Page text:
With great pleasure I look back at the Olympic Games in Pyeongchang--not only because they were particularly successful for the German Team. But also because sport has facilitated dialogue between South and North Korea, and this dialogue has been intensified ever since. As a reunited country celebrating the 28th anniversary of German unification, Germany is looking with particular interest at the Korean peninsula. People in Germany feel for the Koreans. We see Korea as an important value partner and essential ally in our “alliance for multilateralism”. This is also reflected in the increased number of political visits: President Steinmeier and Minister of the Interior De Maizière visited Seoul and Pyeongchang for the Olympic Games last February, and at the end of July, Foreign Minister Maas paid a visit to Korea.

You can see from the quantity and rank of these visitors that our bilateral relations are lively and cover many areas. Germans and Koreans work together on innovation and research, trade and invest in the other country, make music and play sports together – such as the many Korean soccer players who moved to Germany after their deserved 2:0 win at the World Cup. I am sure you understand that I prefer not to speak about football any more this evening.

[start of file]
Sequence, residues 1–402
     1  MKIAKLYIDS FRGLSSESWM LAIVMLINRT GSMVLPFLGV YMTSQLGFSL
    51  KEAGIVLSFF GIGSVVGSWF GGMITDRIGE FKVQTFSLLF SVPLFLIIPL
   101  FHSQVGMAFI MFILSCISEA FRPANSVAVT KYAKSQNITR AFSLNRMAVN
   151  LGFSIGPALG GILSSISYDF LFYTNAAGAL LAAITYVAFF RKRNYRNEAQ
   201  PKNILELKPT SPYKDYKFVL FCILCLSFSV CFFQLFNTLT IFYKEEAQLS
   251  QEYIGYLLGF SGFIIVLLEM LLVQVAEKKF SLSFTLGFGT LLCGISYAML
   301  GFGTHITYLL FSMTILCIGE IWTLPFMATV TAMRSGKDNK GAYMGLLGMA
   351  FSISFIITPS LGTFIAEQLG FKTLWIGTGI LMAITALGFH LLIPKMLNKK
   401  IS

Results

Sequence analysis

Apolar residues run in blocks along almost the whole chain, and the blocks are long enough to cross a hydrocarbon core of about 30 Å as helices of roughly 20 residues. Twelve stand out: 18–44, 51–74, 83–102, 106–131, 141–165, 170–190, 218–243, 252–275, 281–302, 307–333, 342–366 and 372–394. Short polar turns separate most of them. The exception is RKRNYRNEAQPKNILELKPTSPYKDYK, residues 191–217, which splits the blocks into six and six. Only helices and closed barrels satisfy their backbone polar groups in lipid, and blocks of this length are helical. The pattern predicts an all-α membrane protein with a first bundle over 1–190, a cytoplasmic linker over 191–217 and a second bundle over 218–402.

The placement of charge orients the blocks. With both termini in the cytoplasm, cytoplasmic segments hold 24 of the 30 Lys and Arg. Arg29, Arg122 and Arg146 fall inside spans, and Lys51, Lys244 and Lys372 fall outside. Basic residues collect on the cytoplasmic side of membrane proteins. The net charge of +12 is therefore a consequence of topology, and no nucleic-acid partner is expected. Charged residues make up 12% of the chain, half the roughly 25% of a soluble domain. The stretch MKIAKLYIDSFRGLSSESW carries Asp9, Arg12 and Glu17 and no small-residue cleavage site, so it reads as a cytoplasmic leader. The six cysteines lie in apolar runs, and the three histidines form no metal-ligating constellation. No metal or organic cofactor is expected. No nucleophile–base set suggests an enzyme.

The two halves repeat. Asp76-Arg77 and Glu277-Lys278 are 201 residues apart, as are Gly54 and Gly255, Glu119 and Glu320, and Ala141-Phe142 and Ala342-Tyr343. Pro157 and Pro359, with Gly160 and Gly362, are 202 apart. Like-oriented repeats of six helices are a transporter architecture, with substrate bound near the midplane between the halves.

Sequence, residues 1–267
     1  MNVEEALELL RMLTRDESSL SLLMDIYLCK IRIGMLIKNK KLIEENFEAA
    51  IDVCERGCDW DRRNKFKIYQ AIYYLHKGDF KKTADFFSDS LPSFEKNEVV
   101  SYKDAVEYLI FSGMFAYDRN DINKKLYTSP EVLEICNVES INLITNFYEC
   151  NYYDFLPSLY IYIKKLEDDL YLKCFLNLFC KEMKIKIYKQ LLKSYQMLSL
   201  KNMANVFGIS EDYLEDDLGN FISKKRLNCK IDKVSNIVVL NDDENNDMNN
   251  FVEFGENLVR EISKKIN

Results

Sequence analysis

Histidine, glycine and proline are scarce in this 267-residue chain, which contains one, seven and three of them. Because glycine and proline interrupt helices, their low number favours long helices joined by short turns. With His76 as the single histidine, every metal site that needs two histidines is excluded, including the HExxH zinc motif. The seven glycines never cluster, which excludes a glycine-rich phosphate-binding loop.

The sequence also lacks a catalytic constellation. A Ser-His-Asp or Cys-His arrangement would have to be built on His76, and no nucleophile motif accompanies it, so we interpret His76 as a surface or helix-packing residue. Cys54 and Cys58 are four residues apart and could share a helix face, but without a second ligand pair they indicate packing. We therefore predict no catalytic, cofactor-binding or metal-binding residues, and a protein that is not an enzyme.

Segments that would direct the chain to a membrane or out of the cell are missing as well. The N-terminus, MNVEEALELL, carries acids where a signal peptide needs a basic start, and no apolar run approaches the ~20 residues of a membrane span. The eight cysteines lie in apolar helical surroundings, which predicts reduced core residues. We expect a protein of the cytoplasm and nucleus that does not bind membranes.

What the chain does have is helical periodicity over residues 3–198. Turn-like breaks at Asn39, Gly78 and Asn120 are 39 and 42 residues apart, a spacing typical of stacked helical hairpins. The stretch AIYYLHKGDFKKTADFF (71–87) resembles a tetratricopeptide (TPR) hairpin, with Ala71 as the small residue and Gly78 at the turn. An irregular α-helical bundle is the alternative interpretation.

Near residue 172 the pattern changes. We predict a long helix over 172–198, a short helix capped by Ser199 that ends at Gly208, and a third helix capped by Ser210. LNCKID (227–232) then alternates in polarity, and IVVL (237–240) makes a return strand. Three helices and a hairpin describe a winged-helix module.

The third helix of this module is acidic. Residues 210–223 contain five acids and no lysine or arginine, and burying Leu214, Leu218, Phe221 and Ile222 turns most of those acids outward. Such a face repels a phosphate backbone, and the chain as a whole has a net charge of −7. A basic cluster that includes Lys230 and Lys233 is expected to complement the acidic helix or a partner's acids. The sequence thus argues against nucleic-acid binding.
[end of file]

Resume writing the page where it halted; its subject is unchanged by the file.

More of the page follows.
All joking aside, not only the impressive match of the Korean football team against Germany has shown how Koreans can excel themselves. I am deeply impressed by the Korean discipline and pursuit of competitiveness and success. Thus I feel all the more happy that Korean-German relations are this good.

One event over the course of the last months that has reassured me of the excellent relations between our two countries was the recognition of Germany as a “Medical Support Nation”. Still during the Korean War, the Federal Republic of Germany had promised South Korea humanitarian medical support, which arrived in the form of doctors, nurses and medical supplies by 1954. Through this decision, the Korean government is today, in retrospect, paying tribute to Germany’s important medical aid, which reached about 300,000 South Koreans.